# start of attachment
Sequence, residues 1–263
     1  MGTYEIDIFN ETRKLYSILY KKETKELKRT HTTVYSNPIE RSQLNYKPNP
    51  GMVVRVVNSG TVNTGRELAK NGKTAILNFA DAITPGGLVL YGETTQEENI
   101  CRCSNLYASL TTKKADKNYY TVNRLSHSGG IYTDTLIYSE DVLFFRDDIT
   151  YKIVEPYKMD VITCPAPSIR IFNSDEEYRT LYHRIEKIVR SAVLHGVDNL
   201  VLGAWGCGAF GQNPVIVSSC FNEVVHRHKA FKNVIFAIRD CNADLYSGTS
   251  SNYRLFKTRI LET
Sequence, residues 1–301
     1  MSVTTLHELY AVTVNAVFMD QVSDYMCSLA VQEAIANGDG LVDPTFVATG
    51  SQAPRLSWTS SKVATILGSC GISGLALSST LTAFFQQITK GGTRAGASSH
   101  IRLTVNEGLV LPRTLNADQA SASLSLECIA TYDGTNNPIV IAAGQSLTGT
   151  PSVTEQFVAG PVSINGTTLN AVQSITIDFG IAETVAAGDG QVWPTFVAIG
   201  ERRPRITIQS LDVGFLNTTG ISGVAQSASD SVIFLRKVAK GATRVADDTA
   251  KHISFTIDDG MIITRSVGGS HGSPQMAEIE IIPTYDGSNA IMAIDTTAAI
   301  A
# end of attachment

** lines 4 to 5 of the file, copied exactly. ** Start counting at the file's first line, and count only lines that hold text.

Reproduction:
   101  CRCSNLYASL TTKKADKNYY TVNRLSHSGG IYTDTLIYSE DVLFFRDDIT
   151  YKIVEPYKMD VITCPAPSIR IFNSDEEYRT LYHRIEKIVR SAVLHGVDNL